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Google`s new payment service Google Checkout sounds promising, but the proof of success will lie in conversion rates, says John Bresee, president of Backcountry.com. “Conversion is the king of our business,” he says.
Google`s new payment service Google Checkout sounds promising, but the proof of success will lie in conversion rates, says John Bresee, president of Backcountry.com.
Google this week unveiled a new universal checkout service, under which consumers register their shipping and billing preferences with Google, then can use the Google checkout service at multiple retail sites. Google charges merchants 2% plus 20 cents per transaction.
The service also works with AdWords, Google’s search advertising program, allowing merchants to acquire new customers and process all or a portion of their Google Checkout sales at no charge.
Backcountry.com, No. 150 in the Internet Retailer Top 500 Guide to Retail Web Sites, went live with Google Checkout at 3 a.m. Thursday, the day of its official launch.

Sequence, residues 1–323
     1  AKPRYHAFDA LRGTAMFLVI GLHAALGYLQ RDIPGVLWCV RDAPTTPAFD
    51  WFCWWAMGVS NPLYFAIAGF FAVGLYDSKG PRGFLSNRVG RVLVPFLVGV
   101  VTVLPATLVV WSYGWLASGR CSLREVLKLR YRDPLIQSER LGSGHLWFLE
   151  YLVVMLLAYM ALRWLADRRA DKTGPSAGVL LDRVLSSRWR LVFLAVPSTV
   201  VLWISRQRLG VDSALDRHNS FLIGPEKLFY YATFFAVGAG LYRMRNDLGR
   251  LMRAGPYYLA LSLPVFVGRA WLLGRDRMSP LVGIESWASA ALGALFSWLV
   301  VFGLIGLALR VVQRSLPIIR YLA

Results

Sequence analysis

“Google has time and again shown that they know how to build a better mousetrap,” Bresee says. “While we think we’re pretty good at e-commerce, we don’t have such hubris that we aren’t willing to always learn from Google. They’ve proven their genius.”
But to run a successful e-commerce operation is difficult, Bresee says. “Understanding the whimsical ways of customers is hard,” he says. “While Google may understand search, it remains to be seen whether they understand consumer behavior.”
And although the prospect of lower advertising costs and low or no-cost processing of credit card transactions may persuade retailers to try Google Checkout, conversion rates will be the decisive factor in whether merchants continue to offer the service, Bresee says.
“Conversion is the king of our business,” he says. “It’s a good idea if it converts. It’s a bad idea if it doesn’t.”
More than 90 retailers have signed on with Google Checkout since its launch, including DVD Empire, Jockey, Starbuck’s, Levi’s, Timberland and Buy.com.